Chapter

Characteristics of Greater Sage-Grouse Habitats: A Landscape Species at Micro-and Macroscales

John W. Connelly, E. Thomas Rinkes and Clait E. Braun

in Greater Sage-Grouse

Published by University of California Press

Published in print May 2011 | ISBN: 9780520267114
Published online March 2012 | e-ISBN: 9780520948686 | DOI: http://dx.doi.org/10.1525/california/9780520267114.003.0005
Characteristics of Greater Sage-Grouse Habitats: A Landscape Species at Micro-and Macroscales

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Greater Sage-Grouse (Centrocercus urophasianus) depend on sagebrush (Artemisia spp.) for much of their annual food and cover. This association is most pronounced in late autumn, winter, and early spring when sage-grouse are dependent on sagebrush for both food and cover. However, sage-grouse also rely on sagebrush at other times of year, especially for nesting cover during the breeding season. Other habitat characteristics may not be as obviously important as sagebrush, but may be nearly as essential. For example, herbaceous vegetation provides important food and cover during nesting and early brood-rearing seasons, and thus has a major role in the population dynamics of sage-grouse. Available evidence clearly supports the conclusion that conserving large landscapes with suitable habitat is important for conservation of sage-grouse. Sagebrush habitats have been lost, fragmented, and degraded as a result of many different anthropogenic disturbances. Land management agencies must establish sagebrush conservation as one of their highest priorities if remaining habitats are to be maintained.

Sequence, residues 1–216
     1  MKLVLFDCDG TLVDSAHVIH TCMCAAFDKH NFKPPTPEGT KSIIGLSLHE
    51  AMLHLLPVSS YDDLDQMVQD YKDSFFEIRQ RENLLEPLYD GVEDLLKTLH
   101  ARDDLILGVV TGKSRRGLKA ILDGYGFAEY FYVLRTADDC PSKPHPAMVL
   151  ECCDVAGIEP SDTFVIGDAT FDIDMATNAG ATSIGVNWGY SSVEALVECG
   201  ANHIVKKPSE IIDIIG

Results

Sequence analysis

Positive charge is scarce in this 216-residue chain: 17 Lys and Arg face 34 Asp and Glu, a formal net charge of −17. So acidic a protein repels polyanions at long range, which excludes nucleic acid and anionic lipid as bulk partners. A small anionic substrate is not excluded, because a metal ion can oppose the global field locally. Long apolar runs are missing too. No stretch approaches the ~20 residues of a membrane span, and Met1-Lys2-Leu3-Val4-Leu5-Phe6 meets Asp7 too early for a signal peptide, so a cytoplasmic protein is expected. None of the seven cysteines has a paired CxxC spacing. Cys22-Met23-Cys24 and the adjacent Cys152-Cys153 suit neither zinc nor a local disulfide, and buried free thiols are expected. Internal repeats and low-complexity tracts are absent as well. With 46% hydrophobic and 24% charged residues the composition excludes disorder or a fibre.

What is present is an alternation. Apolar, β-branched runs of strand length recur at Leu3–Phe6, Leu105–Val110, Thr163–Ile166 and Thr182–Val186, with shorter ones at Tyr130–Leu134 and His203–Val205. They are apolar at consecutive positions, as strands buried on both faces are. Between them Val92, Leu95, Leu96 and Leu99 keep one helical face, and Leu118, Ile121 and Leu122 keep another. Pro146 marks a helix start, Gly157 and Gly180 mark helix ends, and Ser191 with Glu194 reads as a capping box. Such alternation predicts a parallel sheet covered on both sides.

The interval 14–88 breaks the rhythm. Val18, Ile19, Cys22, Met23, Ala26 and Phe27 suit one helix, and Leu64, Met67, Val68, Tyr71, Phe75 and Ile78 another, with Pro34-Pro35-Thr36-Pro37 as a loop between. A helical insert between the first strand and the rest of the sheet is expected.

Keywords: Artemisia; Centrocercus urophasianus; Greater Sage-Grouse; sagebrush habitats; herbaceous vegetation; sagebrush; population dynamics; conservation; breeding; nesting

Chapter.  10504 words. 

Subjects: Vertebrates

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